Even the bloodthirsty language of the past is returning. When EU Commission President Jean-Claude Juncker demanded in Munich that Europe “strive for global political capability,” the German press enthusiastically seized on the term. An article in Die Zeit was titled “More capabilities for world politics, please!” while the Frankfurter Allgemeine Zeitung wrote, “Europe must become more capable in world politics.”

The term comes with considerable historical baggage. “World politics” was the slogan under which the German Empire, in the two decades before the First World War, embarked on a course of imperialist expansion, uniting land owners, industrialists and the petty bourgeoisie behind a programme of naval rearmament, which inevitably led to conflict with Great Britain and the United States.

In his standard work on German history, The Long Road to the West, Heinrich August Winkler subtitled the chapter on the years 1890 to 1918 with “World Politics and the World War.” He wrote, “When Germany, to which the foundation of the empire had already given half-hegemonic status on the European continent, decided to pursue world politics,” the consequences could only be “defensive efforts by the major powers affected by this.”

“World politics” was also directed against the enemy within—the working class and the rapidly growing, at that time still Marxist, Social Democracy. Winkler quoted from a letter written by Rear Admiral Alfred von Tirpitz in 1895. The author of the programme of naval armament wrote that Germany had to progress to world politics “not least because the great new national task and the associated economic gain is a strong palliative against educated and uneducated Social Democrats.”

Today, it is the SPD, in alliance with the CDU and CSU, that is carrying out “world politics,” with all the consequences that entails: internal and external rearmament, social spending cuts, the co-option of the media by the state, Internet censorship and the strengthening of the far right in the form of the Alternative for Germany (AfD).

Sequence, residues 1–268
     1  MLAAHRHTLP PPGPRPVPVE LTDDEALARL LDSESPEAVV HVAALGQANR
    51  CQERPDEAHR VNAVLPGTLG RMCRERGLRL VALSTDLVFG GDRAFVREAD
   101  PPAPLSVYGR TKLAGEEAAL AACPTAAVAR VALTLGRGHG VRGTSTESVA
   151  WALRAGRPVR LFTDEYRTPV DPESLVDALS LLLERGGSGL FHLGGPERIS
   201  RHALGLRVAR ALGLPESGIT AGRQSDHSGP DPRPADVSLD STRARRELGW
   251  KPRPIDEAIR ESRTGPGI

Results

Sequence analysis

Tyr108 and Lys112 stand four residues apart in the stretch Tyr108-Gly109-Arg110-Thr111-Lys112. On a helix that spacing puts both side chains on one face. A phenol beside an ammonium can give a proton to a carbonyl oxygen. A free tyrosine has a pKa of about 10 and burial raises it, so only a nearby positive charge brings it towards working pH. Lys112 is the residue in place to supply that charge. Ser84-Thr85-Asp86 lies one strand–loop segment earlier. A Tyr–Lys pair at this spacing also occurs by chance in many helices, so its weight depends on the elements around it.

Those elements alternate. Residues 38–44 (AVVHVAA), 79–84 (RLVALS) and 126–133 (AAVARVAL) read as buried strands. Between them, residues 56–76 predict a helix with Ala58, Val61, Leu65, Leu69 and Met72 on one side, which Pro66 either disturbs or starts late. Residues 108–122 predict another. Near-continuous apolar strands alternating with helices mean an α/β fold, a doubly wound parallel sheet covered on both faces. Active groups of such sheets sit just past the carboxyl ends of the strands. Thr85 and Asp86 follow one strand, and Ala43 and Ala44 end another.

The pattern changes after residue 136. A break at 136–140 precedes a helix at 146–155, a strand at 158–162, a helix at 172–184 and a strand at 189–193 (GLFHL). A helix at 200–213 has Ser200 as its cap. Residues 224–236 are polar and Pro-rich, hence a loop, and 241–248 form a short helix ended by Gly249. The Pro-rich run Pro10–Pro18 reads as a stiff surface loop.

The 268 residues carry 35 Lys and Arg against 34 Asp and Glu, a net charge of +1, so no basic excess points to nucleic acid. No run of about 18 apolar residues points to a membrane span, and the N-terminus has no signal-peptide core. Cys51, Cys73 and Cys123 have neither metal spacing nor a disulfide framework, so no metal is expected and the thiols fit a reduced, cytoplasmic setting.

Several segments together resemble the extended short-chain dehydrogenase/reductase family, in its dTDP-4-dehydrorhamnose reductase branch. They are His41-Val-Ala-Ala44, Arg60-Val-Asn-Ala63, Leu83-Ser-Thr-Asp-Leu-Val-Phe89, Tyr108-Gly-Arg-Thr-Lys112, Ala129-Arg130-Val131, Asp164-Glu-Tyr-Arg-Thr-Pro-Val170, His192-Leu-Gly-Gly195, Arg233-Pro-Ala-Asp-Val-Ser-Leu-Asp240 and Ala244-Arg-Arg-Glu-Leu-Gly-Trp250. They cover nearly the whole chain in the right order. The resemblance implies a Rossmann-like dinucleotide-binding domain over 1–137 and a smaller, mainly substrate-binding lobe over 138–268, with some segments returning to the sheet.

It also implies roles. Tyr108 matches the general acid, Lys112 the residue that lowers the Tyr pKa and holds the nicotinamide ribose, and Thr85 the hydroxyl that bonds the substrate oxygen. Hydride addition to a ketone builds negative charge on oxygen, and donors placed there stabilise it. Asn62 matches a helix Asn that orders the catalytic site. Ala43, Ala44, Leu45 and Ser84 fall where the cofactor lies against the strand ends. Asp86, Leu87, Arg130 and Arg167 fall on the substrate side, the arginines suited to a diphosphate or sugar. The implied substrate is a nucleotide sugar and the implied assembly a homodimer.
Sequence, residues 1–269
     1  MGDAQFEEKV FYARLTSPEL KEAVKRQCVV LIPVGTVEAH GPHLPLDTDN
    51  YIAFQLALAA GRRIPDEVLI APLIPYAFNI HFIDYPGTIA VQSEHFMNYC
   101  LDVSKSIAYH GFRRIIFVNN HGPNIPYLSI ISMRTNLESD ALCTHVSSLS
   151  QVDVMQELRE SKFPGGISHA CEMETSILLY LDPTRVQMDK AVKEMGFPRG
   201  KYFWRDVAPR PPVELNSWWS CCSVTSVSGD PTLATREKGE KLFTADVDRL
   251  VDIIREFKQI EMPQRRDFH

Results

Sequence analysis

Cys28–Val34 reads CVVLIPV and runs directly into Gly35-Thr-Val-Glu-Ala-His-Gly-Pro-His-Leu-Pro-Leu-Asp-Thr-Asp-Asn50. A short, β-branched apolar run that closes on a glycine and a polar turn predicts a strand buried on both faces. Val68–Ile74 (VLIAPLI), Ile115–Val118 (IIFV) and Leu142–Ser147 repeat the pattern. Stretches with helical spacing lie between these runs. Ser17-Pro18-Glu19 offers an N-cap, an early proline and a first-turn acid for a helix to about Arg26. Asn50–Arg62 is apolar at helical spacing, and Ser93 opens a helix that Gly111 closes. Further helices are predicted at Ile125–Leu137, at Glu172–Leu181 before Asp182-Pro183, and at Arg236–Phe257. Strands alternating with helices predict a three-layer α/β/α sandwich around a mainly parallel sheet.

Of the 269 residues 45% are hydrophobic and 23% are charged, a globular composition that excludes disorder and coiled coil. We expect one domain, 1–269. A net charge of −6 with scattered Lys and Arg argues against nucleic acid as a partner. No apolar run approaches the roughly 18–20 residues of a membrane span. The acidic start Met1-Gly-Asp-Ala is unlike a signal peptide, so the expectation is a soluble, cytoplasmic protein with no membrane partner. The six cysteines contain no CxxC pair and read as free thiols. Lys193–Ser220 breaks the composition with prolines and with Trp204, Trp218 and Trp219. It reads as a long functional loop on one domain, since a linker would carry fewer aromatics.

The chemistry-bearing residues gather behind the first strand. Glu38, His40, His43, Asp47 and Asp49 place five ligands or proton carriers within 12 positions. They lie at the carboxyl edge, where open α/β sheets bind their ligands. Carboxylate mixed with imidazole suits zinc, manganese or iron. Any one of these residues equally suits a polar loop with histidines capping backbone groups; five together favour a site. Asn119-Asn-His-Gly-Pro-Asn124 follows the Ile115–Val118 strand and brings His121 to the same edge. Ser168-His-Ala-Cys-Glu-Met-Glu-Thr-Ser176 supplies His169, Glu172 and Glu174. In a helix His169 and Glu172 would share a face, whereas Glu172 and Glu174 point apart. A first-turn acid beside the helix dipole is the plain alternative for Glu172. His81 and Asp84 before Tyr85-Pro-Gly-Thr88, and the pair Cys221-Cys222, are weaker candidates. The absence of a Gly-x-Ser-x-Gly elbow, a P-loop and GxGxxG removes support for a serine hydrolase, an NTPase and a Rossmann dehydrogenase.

There is no resistance to this in the Bundestag (parliament), including from the so-called opposition. The Free Democrats (FDP) and the AfD, whose deputies and officials include numerous ex- and reserve officers, are fully on the side of the military.

The Greens are attacking the new grand coalition from the right. Tobias Lindner, the Greens’ defence policy spokesman, accused the defence minister on Deutschlandfunk of not doing anything to solve the army’s problems. The army is lacking highly complex weapon systems, he said, adding, “What about the ships, what about the planes?”

The Left Party supports the revival of great power politics. Stefan Liebich, Left Party representative on the parliamentary Foreign Affairs Committee, expressed enthusiasm for Gabriel’s speech. Rethinking and reorienting the relationship with the US was “long overdue,” he told the broadcaster Phoenix. “We are a sovereign country with our own interests, which very often coincide with the interests of the United States, but sometimes do not,” he added.

Within the SPD, proponents and opponents of the grand coalition are avoiding the issue. The proponents are not addressing it because they do not want to stir up opposition. In its sales pitch promoting the SPD’s participation in the government to party members, who are currently voting on the coalition agreement, the party executive did not once mention foreign policy or the army. The opponents of the grand coalition avoid the topic because they agree with Gabriel on this question.

The Sozialistische Gleichheitspartei (SGP—Socialist Equality Party) is the only political tendency that rejects great power politics and militarism and seeks to mobilise workers and youth in opposition to them. We reject the grand coalition and call for new elections.

The coalition agreement shows what monstrous plans a grand coalition would pursue. At the same time, it raises many more questions. We demand the publication of all of the secret agreements and arrangements reached by the SPD, the CDU/CSU and their military and foreign policy advisers in the course of months of closed-door coalition talks. How is the doubling of the military budget to be financed? Is Germany planning to purchase nuclear weapons? Are there similar agreements with France and NATO?

The fight for new elections is the first step in countering the ruling class conspiracy that is preparing a historic catastrophe. The Sozialistische Gleichheitspartei is carrying out an intensive campaign in the working class and at schools and universities to expose the ruling elite’s machinations and build, together with its sister parties in France and Britain, a powerful socialist movement against war, dictatorship and capitalism.

Come to our events to discuss these questions! Join the SGP and the youth organisation of the Fourth International, the International Youth and Students for Social Equality!